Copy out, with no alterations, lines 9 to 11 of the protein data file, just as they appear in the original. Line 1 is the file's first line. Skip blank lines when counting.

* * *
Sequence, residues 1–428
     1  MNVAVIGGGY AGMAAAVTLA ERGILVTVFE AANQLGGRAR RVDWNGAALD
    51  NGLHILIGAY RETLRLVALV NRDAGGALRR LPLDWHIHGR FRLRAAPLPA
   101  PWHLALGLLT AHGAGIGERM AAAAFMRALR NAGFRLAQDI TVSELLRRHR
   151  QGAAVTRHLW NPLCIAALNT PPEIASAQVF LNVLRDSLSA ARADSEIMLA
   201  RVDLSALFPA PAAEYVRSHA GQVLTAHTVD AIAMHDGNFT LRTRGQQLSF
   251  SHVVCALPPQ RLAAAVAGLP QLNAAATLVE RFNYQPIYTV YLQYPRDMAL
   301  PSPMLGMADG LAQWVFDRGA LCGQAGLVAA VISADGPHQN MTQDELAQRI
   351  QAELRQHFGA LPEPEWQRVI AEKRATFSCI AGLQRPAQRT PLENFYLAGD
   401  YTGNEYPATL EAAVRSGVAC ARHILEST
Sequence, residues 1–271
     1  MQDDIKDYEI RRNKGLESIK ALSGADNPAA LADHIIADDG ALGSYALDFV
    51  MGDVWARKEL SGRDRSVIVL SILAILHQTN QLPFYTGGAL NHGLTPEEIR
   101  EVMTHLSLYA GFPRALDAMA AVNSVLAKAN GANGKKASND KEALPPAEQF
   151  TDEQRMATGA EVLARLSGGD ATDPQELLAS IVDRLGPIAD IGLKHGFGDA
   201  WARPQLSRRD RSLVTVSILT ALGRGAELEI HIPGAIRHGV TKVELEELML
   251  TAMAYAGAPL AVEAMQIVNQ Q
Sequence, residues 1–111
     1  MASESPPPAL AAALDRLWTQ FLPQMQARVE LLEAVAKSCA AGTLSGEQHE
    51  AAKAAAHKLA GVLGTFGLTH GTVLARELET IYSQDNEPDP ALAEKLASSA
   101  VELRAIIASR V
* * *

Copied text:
   351  QAELRQHFGA LPEPEWQRVI AEKRATFSCI AGLQRPAQRT PLENFYLAGD
   401  YTGNEYPATL EAAVRSGVAC ARHILEST
Sequence, residues 1–271